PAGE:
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When it comes to rock and roll survival, the Goo Goo Dolls are a rare breed.

"I was ticking off the number of groups that came up at the same time as we did, wondering how many are still making records. Or how many of them still have songs on the radio. And there aren't too many ... barely any. There's like no one left," says Goo Goo Dolls frontman Johnny Rzeznik.

Over their 25-year career, the Goo Goo Dolls — band founders Rzeznik and bassist Robby Takac, and drummer Mike Malinin — have continued to flourish, owing in large part to a combination of tenacity and obstinance.

"We came out of a scene where it was like, 'You can't do this, you can't do that' — there were so many rules," says Rzeznik of the band's early indie/alt-rock rooting. "We just kind of said (screw) it. If we get a chance to do something, we'll do it. We're not here to fail. And we don't give a (damn) who thinks we're cool. I think that's why we managed to survive."

Tonight, the Goos arrive in Memphis to headline the final show of the Memphis Botanic Garden's "Live at the Garden" summer concert season. It will also be one of the final shows of the Goos tour, a yearlong run in support of the band's ninth album, Something for the Rest of Us.

Though four years passed between each of the band's past two studio albums, Rzeznik is hoping to turn around the next record much sooner. "I think the way the world works now, if you're going to try and remain relevant, you have to speed the process up," he says. "The whole world is sped up. You have to roll with that or get left behind."

Rzeznik says he has already penned the bulk of the next album — much of it in collaboration with new songwriting partners.

Over the years, he says, the writing process has evolved dramatically. "When I was young and writing songs, up until maybe (1993 LP) Superstar Carwash, it was all just sort of a goof," Rzeznik says.

"But there comes a point when somebody actually comes up to you and says, 'You know, man, that song meant a lot to me,' -- it kinda gets you thinking, 'maybe I can be good at this. Maybe I can do something that means something.' And everybody wants to do that. Everybody wants to do something meaningful in their life."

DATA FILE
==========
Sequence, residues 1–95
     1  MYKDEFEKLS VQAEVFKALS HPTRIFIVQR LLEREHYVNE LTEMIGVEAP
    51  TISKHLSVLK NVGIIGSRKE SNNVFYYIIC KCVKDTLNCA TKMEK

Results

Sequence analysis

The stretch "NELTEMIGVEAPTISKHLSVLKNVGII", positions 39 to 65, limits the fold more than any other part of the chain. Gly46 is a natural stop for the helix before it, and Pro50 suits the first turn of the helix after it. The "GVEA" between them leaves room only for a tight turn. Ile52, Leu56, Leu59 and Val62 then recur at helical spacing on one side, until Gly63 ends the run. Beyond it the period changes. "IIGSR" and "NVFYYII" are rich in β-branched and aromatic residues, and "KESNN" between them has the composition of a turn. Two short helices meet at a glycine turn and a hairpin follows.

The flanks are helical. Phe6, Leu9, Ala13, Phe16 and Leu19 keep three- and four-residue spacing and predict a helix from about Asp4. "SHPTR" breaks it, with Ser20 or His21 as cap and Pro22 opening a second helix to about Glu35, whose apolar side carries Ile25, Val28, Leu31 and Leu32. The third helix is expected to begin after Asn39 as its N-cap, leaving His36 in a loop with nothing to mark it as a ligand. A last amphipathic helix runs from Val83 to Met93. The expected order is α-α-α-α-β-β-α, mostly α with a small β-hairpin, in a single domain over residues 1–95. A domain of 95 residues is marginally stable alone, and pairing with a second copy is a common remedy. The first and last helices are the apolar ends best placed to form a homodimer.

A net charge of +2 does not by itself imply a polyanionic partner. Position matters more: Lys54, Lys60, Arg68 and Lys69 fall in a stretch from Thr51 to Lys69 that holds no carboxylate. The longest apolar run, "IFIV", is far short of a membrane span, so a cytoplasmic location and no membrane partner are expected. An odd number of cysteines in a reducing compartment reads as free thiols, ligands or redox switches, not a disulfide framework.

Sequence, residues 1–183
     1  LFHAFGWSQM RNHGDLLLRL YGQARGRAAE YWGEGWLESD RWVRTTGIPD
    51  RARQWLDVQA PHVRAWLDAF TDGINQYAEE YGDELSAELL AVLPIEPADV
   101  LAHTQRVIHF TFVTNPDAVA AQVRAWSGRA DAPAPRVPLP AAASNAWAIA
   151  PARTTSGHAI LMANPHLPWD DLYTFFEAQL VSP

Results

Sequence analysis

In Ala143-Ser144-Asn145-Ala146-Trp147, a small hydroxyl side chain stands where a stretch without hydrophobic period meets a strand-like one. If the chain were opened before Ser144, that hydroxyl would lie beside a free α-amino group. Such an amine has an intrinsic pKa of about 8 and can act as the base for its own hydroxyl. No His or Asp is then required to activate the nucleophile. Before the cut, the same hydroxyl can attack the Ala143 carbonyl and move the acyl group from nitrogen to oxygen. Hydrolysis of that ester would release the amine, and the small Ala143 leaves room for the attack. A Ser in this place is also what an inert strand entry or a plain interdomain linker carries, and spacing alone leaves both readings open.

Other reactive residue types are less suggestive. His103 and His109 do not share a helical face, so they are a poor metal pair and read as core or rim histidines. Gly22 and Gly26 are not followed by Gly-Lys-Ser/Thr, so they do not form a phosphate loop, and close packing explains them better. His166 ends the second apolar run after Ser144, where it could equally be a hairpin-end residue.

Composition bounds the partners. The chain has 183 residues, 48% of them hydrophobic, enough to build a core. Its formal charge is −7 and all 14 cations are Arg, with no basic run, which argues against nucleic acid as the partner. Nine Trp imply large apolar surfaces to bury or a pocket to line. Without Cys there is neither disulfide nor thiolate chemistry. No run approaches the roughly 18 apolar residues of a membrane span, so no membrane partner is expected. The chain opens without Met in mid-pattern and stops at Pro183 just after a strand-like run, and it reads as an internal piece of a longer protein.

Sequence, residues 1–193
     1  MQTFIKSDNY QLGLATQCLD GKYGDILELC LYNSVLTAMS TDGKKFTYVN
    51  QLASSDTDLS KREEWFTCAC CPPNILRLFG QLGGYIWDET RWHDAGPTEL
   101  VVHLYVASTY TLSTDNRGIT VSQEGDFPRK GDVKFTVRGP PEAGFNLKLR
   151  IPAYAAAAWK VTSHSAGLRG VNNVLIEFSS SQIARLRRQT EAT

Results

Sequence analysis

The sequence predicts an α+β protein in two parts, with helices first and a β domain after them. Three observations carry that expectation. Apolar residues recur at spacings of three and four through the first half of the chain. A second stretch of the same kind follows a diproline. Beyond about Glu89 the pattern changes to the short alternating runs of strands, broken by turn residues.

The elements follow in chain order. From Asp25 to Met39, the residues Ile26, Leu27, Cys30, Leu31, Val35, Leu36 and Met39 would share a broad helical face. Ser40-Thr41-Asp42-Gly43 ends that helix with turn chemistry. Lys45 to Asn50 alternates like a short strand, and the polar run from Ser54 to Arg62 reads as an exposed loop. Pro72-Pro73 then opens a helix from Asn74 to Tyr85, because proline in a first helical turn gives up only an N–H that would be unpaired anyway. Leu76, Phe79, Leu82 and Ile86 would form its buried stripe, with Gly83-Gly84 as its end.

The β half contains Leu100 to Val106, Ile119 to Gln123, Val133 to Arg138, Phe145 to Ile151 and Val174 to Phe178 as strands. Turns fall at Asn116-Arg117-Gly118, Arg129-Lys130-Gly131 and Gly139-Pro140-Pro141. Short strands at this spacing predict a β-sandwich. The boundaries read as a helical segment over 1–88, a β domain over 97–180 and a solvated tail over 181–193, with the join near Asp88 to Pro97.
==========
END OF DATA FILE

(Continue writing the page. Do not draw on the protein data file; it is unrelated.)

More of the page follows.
Since the mid-'90s, the Goos have been an undeniable force in radio, starting with hits like "Iris," "Name" and "Slide," and more recent fare like Something's "Home." In total, the band has scored 14 top-10 hits in the Adult Top 40 format.

"Over the years, I've learned writing is as much of a craft as an art thing. You get inspired, or a situation comes along that makes you think, or moves you in some kind of way, and you write about that. But the inspiration lasts maybe a minute or just a few seconds, and then you gotta get out the tools and just start hammering the song into shape," says Rzeznik.

Starting out in the late-'80s as a scruffy underground band from Buffalo, the Goos enjoyed the favor of critics. But since the massive mainstream success of the band's 1995 album Dizzy Up the Girl — and more than 9 million in subsequent album sales — that kind of support has been scarce.

"As you get older, you get more comfortable with yourself and who you are. So I have no desire to impress anybody anymore," says Rzeznik. "I'm gonna say what I'm going to say whether people — writers or critics or whatever — like it or not. Being upset about that stuff is like complaining about the weather: You can't do anything about it."

That the group has endured the roller-coaster nature of success has proven to be an achievement in itself. "If we would've been successful on our first or second record, like some bands, it probably would've killed us," Rzeznik admits.

"A lot of it is luck. Some of it is being from Buffalo, which definitely has an effect on your psyche and work ethic," he says, laughing.

"Having people around you that you can actually trust is crucial. As you get a little bit of success, people start telling you how great you are. That's the hardest thing to survive. You have to have a real understanding of who you are because that (stuff) will pollute you and (screw) you up and ruin your career instantly."

As the Goos enter the next phase of their career, they find themselves working in a radically changed music industry — one where record sales and radio play have been diminished by the role of the Internet and iTunes.

"It used to frighten me, like, 'Oh, my God, no one's buying records.' But we stayed out on the road for years and years and years, working. We're lucky we have enough of a fan base where we can make a living playing music live, and that's so important now," he says. "We've built that, and it's something that can't be taken away from us so easily."

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